Music in Lent?

Christ The Mediator

I’m always on a search for faithful songs from my tradition (Lutheran) in new arrangements, but in this quest I come across hymns and other songs from other traditions that somehow speak to me. One such hymn is Idumæa.

I seem to be, unintentionally, collecting a variety of recordings of this song, mostly because the album Black Ships Ate the Sky by Current 93. (If you buy this expecting an album of Christian music, you’ll be highly disappointed.) Black Ships Ate the Sky has nine different versions of this Wesleyan hymn including this one:

Idumæa (vocals Antony)

Sufjan Stevens included a version of Idumea on his latest Christmas release. He does it in the style of the Sacred Harp Singers. Sufjan does put some odd things on his Christmas albums. This song always puts me in a Lenten mood, which is why this song is so prevalent in my Lenten play list.

The lyrics of the Wesley hymn are:

And am I born to die?
To lay this body down?
And must my trembling spirit fly
Into a world unknown –
A land of deepest shade,
Unpierced by human thought,
The dreary regions of the dead,
Where all things are forgot?

Soon as from earth I go,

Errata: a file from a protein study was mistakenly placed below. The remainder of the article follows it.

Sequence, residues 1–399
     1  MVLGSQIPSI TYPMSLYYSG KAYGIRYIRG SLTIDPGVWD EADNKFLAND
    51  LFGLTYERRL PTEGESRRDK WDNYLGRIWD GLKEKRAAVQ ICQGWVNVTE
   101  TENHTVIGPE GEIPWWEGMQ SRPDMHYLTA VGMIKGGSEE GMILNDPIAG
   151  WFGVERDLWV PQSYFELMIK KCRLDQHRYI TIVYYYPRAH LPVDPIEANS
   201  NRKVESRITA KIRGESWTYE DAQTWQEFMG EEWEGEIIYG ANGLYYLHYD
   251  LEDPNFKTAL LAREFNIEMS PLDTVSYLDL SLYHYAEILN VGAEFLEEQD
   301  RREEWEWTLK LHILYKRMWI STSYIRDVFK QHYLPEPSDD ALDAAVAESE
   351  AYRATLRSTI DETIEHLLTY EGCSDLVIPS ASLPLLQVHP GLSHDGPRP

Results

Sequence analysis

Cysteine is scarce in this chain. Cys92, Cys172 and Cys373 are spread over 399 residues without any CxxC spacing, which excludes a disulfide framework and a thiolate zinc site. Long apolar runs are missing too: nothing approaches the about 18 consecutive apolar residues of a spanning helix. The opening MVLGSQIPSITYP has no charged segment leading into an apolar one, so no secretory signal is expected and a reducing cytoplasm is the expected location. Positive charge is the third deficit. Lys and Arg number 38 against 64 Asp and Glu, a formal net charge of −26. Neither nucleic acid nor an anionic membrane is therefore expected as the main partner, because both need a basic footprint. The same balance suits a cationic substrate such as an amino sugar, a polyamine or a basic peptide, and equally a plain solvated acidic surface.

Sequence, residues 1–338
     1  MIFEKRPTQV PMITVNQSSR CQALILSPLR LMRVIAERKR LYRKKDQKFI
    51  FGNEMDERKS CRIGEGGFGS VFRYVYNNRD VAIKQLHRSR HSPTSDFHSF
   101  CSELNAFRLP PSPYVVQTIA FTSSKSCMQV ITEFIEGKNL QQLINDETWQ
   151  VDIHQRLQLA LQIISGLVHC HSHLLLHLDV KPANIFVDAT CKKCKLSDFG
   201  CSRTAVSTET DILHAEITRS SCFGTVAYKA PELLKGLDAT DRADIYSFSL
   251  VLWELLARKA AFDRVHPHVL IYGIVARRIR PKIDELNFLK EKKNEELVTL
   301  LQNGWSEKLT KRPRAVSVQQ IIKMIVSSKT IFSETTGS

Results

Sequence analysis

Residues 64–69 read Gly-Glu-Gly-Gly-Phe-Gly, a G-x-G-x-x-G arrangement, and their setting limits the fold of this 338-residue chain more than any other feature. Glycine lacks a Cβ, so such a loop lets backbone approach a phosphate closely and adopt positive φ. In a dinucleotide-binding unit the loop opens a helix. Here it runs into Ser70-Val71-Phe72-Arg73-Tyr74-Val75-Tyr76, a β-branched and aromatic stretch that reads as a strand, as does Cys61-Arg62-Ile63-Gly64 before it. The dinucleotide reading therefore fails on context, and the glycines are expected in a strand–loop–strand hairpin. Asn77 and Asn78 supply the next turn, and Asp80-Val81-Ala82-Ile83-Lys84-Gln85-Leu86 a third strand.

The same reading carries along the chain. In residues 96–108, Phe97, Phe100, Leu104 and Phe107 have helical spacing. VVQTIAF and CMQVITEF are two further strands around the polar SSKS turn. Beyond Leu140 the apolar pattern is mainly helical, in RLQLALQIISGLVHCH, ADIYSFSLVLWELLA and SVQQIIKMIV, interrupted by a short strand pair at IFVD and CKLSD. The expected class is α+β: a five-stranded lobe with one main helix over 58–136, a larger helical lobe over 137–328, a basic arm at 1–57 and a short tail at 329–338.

What will become of me?
Eternal happiness or woe
Must then my portion be;
Waked by the trumpet’s sound,
I from my grave shall rise,
And see the Judge with glory crowned,
And see the flaming skies.

How shall I leave my tomb?
With triumph or regret?
A fearful or a joyful doom,
A curse or blessing meet?
Will angel-bands convey
Their brother to the bar?
Or devils drag my soul away,
To meet its sentence there?

Who can resolve the doubt
That tears my anxious breast?
Shall I be with the damned cast out,
Or numbered with the blest?
I must from God be driven,
Or with my Saviour dwell;
Must come at his command to heaven,
Or else – depart to hell.

O thou that wouldst not have
One wretched sinner die,
Who died’st thyself; my soul to save
From endless misery!
Show me the way to shun
Thy dreadful wrath severe,
That when thou comest on thy throne
I may with joy appear.

Thou art thyself the Way;
Thyself in me reveal;
So shall I spend my life’s short day
Obedient to thy will;
So shall I love my God,
Because he first loved me,
And praise thee in thy bright abode,
To all eternity.

It is a rare thing to hear any of the more hopeful verses at the end of the song. I’m not a big fan of the works righteousness aspects, but there is something in the sense of doubt, and desolation, that I appreciate, especially as it is tempered with the certainty of a home in heaven.


One thought on “Music in Lent?

  1. Pingback: Music in Lent? | Uncle Frog

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